Tuesday, 9 September 2008

Something to shake a stick at

There's the final of the BBC's show Maestro on at the moment, and I can't watch it because the sight of a bunch of 'celebrities' trying to conduct the BBC concert orchestra just makes me laugh too much.

It's part of a wider problem I have with the idea of conductors. These celebrities are going up there, conducting with varying degrees of vigour and skill, and it isn't making one iota of difference to the sound being produced by the orchestra. Given that, it seems monstrously unfair that conductors should gain the accolades they do for something that could be taken by the uninitiated as some bizarre form of interpretative dance.

Maybe it's just that I'm used to forms of music where the groups are never large enough, or indeed drummerless enough, to require a baton twirler. I've only worked with a conductor once, and that's when my school choir was one of half a dozen or so taking part in an episode of Songs of Praise. I don't remember them being much use then either.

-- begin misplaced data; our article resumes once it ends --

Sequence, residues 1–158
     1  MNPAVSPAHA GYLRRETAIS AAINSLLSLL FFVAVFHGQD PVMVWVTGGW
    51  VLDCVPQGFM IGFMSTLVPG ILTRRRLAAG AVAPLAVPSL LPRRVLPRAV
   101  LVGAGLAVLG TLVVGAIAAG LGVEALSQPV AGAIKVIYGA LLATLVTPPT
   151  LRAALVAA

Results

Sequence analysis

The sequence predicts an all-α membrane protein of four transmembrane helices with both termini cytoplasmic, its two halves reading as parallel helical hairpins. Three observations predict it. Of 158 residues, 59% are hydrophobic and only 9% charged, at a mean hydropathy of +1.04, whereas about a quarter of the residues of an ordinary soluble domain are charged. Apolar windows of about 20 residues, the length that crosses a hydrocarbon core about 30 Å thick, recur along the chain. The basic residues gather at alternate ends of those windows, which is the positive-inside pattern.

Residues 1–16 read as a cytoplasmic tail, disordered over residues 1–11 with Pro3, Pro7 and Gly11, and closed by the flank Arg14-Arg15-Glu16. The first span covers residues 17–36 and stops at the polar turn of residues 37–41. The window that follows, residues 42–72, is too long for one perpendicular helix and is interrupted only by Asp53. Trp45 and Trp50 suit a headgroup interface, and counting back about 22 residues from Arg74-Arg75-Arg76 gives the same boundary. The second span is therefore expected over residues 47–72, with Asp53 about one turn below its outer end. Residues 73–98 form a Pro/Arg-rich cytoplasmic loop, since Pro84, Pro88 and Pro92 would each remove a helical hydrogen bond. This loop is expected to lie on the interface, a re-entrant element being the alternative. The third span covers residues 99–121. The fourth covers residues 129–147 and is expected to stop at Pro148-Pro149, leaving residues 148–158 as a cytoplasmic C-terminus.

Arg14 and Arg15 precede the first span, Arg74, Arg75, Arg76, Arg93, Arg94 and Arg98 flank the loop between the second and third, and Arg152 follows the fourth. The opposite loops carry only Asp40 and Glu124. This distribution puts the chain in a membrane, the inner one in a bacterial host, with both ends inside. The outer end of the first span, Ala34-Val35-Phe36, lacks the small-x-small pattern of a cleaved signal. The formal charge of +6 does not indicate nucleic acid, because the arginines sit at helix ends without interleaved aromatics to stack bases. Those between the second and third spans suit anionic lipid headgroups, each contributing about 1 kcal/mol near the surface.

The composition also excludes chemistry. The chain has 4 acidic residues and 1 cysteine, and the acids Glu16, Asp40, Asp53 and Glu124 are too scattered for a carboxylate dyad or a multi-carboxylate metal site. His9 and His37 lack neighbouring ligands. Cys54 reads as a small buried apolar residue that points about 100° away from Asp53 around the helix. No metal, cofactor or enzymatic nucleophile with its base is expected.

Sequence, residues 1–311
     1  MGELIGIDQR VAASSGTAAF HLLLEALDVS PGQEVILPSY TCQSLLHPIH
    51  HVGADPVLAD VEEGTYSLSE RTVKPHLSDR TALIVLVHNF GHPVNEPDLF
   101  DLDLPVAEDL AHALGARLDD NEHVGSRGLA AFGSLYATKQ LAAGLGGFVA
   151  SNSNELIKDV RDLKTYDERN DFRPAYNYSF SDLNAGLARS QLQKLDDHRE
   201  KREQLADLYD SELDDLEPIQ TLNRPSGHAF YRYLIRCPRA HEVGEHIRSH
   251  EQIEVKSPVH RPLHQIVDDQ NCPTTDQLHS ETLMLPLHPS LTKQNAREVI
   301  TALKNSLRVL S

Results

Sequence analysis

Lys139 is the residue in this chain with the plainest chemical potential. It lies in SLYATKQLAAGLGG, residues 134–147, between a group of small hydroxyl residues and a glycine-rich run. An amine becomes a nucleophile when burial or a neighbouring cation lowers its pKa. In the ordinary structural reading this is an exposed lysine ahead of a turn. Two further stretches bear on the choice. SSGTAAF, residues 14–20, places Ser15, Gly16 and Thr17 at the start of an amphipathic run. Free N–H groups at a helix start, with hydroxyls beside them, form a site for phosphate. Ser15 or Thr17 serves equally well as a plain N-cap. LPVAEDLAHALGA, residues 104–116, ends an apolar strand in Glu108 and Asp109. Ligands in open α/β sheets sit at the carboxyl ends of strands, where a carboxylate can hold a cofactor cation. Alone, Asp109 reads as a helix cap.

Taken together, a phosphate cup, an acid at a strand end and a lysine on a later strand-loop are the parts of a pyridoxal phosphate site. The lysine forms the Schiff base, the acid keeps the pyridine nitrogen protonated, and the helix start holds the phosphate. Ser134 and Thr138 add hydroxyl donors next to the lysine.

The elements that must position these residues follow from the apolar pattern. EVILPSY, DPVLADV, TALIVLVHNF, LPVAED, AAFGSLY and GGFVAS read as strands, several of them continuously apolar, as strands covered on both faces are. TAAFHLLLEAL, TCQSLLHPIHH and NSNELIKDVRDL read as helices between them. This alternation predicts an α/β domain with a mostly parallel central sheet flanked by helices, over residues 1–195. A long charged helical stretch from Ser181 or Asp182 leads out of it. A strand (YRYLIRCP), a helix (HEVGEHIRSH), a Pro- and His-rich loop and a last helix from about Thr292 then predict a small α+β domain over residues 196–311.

I'm sure they do something important, but surely not so important that they should get more attention than the musicians. After all, everyone who plays in a renowned orchestra like the BBC concert will possess practically virtuoso level skills on their instrument, achieved through years of practise. It annoys me that someone whose main function could be replaced by a metronome is more important than that. (yes I'm sure they do more. I'm just not sure what.)

It's just that, with jazz (the only other genre that uses bands that large I can think of off the top of my head) orchestras often get on perfectly well with a leader who is also playing. Presumably they're too busy to wave a stick as well, so it must be possible for an orchestra to do perfectly well without. Not that I'm ever likely to find out. Almost everything I've ever done musically has been geared towards having as few musicians as possible. Mostly, that means shoving everything on one guitar, or maybe having two or three instruments at most. All you need there is for everyone to be paying some kind of attention.

No comments: